The unofficial county results came in just before 10 p.m. Tuesday night, with 59.2 percent of voters, or 56,090, voting “yes” while 40.8 percent, or 38,646 voters out of 94,736, opposing the constitutional amendment in Cherokee County.
All 159 counties in Georgia had not reported their numbers as of press time Tuesday night, but 114 counties reporting closely mirrored Cherokee’s results with 57.5 percent in support and 42.5 percent against the measure.
The amendment changes Georgia’s Constitution to create a seven-member appointed commission that will consider petitions from charter schools that have been denied by their local school boards.
Kelly Marlow, board member-elect for the newly created District 1 seat on the Cherokee County Board of Education, said she spent the evening celebrating with charter school supporters at Donovan’s Irish Pub in Towne Lake.
Marlow’s platform included support for charter schools, as her two children attend Cherokee Charter Academy. Her opponent Kyla Cromer, PTA advocacy chair, opposed the amendment and has helped lead the local charge against it.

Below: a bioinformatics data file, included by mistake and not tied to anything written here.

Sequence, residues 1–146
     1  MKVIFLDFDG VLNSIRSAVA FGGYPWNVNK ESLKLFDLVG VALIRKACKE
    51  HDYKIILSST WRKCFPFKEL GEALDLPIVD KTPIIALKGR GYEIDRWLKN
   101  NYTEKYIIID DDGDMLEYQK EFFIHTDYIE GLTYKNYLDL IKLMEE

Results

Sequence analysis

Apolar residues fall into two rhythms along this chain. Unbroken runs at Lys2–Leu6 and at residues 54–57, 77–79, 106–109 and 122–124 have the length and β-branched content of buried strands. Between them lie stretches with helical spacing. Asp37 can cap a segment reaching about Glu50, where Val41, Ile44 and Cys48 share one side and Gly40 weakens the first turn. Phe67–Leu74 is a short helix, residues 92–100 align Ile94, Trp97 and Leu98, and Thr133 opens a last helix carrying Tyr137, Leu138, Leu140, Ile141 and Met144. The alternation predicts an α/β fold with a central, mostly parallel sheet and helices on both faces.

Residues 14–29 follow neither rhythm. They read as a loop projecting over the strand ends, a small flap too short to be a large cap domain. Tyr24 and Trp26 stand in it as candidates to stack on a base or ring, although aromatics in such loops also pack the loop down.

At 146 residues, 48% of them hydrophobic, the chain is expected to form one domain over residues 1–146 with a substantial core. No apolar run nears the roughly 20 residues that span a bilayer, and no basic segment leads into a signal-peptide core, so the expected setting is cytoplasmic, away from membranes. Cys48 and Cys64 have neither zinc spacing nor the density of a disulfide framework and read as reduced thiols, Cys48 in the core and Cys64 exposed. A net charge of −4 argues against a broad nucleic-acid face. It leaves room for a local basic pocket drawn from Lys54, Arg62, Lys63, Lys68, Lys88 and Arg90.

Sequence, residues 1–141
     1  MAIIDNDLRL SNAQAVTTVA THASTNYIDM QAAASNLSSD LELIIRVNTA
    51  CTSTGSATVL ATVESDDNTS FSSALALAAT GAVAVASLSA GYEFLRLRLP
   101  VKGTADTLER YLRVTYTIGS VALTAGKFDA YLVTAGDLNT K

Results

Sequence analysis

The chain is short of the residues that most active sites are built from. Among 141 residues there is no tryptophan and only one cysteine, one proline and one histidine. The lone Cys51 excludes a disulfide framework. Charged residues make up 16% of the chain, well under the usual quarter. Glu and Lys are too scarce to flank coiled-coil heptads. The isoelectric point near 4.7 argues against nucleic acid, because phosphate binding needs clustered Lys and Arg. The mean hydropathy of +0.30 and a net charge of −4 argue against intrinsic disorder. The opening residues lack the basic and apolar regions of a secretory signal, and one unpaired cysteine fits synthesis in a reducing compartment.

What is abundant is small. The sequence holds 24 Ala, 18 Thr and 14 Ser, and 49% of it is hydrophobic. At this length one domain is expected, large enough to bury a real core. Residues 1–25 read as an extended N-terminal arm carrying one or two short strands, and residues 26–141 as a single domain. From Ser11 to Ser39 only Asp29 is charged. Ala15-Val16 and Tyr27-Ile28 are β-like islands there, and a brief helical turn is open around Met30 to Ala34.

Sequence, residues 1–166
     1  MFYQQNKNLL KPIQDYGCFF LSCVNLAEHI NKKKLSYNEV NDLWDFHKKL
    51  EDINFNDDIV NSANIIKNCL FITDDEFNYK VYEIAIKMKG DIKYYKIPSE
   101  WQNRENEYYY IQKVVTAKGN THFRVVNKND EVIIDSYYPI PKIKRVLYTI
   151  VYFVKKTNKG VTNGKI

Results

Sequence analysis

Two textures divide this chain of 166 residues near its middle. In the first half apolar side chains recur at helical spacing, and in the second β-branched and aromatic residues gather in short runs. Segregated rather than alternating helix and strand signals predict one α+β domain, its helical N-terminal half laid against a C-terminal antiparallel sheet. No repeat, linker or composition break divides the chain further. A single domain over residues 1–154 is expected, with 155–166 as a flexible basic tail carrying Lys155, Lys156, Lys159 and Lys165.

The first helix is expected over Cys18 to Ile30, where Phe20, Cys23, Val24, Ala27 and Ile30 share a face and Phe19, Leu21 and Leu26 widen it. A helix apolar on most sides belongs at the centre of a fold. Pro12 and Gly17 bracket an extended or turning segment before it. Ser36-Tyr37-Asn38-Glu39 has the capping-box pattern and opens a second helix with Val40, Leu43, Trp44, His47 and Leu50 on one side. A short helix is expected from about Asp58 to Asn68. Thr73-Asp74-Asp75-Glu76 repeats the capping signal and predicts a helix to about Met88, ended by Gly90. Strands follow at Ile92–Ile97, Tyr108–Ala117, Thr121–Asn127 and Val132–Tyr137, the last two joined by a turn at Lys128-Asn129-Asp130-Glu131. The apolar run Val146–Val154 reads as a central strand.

Marlow, who faced no Democratic opposition and will take her seat on the board Jan. 1, said she is “extremely encouraged” by the results and the response of the community to the charter amendment.
“This has been a long and hard fought battle to give parents more choice and rewarding to see Cherokee County has responded to needs of parents and children in community,” Marlow said.
Carol Taylor, a vocal opponent of the amendment and founding member of Cherokee PANTS, or People Advocating for the Need of Transparent Funding in Schools, said she isn’t surprised, but disheartened by the outcome.
Taylor, whose children attend Cherokee County School District schools, said one of her main issues with the amendment is the language of the ballot question.
“It’s ridiculously misleading,” Taylor said. “It sounds beautiful. It sounds like mom and apple pie. The language had nothing, absolutely nothing to do with what was in actually law.”
Taylor added she thinks there may be a challenge to the amendment following the vote because of the ballot language as well as the amendment’s increased state funding for students who attend charter schools over those who attend traditional public schools.
“How can you not challenge it? There’s a huge inequity there,” Taylor said.